First Meeting: The Korean Man of the Family
There’s only one important man when it comes time to meet the significant other’s family in Korea and that is the father.
To me, and I would imagine to most women, the mother was the person I wanted to impress and I had already met her a couple years earlier. I wasn’t very concerned with the father, what father wouldn’t I be able to impress after all? Joking aside though, I was not prepared for how serious meeting him was really going to be or what it meant.
It was about two and half years into the relationship, we’d already been living together for two years and one day Jae-oo suddenly said we were going to Busan on the upcoming weekend and I would be meeting his father. I thought it was sudden the way he brought it up as there had been no mention that his father even knew of me before that. On the train south, Jae-oo added that his father had known he had a girlfriend but just found out the week before that I was a foreigner and putting two and two together, I came to the conclusion that this must be why he wanted to meet, or maybe just see, me.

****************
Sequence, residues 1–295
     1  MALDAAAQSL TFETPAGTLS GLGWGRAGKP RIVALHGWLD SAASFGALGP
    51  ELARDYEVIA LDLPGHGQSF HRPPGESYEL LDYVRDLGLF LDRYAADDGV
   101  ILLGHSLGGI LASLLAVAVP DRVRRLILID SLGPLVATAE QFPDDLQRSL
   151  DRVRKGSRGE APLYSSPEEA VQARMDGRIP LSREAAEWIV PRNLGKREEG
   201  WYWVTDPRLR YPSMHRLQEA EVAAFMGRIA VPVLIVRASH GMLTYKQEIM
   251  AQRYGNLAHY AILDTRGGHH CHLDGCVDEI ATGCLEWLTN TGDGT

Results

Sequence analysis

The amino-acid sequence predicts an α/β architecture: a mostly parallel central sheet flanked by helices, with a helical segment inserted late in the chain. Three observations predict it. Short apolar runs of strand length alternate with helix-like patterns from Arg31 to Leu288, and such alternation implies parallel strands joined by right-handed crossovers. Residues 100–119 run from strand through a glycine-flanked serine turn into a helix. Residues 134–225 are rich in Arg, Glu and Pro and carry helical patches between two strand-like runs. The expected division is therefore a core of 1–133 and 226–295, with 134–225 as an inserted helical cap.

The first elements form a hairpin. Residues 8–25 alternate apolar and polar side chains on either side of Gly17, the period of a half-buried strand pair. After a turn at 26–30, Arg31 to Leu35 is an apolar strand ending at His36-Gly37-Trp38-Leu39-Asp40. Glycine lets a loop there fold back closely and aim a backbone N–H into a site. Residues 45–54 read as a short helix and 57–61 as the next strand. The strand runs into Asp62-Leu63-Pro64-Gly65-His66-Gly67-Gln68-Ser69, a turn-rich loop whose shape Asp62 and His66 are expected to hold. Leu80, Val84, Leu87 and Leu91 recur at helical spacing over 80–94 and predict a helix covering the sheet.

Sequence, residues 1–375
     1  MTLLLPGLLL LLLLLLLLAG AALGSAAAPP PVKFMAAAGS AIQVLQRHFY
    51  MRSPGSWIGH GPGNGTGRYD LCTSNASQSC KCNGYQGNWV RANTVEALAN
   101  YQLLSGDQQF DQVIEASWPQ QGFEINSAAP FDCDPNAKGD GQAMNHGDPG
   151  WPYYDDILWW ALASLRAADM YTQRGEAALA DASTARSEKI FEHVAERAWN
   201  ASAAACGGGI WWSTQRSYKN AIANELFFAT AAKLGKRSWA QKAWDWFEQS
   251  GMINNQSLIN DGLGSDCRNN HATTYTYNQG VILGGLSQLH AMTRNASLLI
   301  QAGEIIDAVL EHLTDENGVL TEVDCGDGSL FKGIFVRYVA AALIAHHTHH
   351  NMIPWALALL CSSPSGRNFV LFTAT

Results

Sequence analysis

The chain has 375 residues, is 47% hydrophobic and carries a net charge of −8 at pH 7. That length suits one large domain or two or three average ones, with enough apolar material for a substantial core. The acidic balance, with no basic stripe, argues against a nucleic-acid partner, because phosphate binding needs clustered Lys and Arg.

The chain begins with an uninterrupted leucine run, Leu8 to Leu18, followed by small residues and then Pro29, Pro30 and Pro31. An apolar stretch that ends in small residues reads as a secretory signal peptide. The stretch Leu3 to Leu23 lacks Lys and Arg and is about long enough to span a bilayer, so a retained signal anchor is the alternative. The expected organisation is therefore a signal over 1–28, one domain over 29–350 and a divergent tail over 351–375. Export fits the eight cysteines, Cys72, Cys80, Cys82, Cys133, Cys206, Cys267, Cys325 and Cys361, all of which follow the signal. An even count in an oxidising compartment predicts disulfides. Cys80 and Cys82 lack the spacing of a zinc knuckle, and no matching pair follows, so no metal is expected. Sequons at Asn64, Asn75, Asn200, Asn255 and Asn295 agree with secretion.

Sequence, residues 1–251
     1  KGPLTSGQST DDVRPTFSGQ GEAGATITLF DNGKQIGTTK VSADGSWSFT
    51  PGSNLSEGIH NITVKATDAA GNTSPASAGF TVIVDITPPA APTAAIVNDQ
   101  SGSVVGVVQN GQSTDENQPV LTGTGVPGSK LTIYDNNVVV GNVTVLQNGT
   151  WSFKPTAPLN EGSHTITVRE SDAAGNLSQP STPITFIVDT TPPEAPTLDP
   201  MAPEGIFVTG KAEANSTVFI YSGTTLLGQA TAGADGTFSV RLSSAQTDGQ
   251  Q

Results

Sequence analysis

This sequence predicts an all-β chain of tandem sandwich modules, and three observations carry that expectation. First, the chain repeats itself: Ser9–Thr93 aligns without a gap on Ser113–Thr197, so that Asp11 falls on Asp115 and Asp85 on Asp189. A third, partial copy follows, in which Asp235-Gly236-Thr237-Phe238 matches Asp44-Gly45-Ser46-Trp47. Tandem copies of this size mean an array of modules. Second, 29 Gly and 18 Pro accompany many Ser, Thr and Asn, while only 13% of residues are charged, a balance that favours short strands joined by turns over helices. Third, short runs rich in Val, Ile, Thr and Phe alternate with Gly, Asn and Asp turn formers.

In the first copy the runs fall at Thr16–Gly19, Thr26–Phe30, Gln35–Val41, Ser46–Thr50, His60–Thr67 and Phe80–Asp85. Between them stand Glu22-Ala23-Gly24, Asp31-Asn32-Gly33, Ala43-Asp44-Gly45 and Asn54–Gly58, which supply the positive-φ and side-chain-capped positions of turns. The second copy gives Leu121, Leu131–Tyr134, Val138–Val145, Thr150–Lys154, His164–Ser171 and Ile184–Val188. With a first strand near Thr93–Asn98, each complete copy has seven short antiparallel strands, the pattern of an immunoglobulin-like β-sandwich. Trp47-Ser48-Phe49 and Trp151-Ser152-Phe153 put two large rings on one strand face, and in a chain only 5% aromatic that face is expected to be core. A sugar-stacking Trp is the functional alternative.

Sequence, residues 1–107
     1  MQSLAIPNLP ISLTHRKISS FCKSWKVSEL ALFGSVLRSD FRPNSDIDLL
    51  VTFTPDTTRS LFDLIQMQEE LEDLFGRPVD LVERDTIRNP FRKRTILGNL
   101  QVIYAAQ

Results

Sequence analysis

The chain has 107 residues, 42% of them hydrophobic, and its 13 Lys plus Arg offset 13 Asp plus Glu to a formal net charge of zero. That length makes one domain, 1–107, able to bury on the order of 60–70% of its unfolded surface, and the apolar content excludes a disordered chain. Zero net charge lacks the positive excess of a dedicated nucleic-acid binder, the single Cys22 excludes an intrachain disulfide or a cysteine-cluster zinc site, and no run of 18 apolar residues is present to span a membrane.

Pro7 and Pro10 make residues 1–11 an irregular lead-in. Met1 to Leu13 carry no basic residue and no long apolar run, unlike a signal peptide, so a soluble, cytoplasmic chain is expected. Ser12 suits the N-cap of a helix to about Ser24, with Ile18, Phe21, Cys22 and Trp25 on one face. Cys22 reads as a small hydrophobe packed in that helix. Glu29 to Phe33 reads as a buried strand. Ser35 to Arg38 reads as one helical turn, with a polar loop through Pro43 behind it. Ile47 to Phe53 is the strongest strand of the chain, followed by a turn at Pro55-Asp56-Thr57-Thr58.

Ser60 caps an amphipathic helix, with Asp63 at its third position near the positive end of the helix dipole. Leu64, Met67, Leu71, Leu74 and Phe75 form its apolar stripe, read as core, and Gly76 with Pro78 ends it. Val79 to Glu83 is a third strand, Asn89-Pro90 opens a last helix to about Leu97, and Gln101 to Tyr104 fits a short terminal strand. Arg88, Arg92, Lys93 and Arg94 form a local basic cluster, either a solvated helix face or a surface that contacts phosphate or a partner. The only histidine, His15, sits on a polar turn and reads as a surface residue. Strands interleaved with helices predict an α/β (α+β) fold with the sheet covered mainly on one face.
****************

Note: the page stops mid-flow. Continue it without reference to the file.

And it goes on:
Once again we arrived outside of his sister’s door and Jae-oo was clearly nervous. It wasn’t until that moment that I became a bit nervous myself, after all if he was nervous there must be something to be nervous about. We entered into the living room and everyone was standing in this awkward circle. Jae-oo made an introduction on my behalf and I bowed and said hello. We sat around a table in the living room similar to two years before when I’d met his mother but this time his father was on the couch and I sat on the floor across from him with everyone between us forming the sides of a circle. Again, exactly the same as when I had met his mother, I had no idea what everyone was waiting for and if it was me that should be speaking up first. He just stared at me. He continued to just stare while Jae-oo’s mother began to talk to Jae-oo about me clearly so that his father could hear. She talked about my current job status and where I was from and how long I’d been in Korea, things like that. I don’t think anyone likes to be talked about while they’re sitting right there, and this was even more awkward as she was telling Jae-oo, who obviously knew everything about me, about me so that his father, sitting right next to her, could hear. When she was finished, more silence.
After the introductions, I was told we’d be going to lunch together. We all piled into the cars, Jae-oo and I with his parents and his sister’s family in their car and made our way to a buffet restaurant, only for the benefit of me I realized. Buffets are expensive here and I never eat enough to make it worth it. I prefer a good ole’ pork stew, a Busan specialty, over a buffet, any day. They were trying to impress me, or make sure I was satisfied. I told them they didn’t need to go to all of the trouble, but I could tell that they wanted to, so I acquiesced in the end and ate as much as I could handle. The whole meal was mostly silence in between eating and people getting up and down to get more food.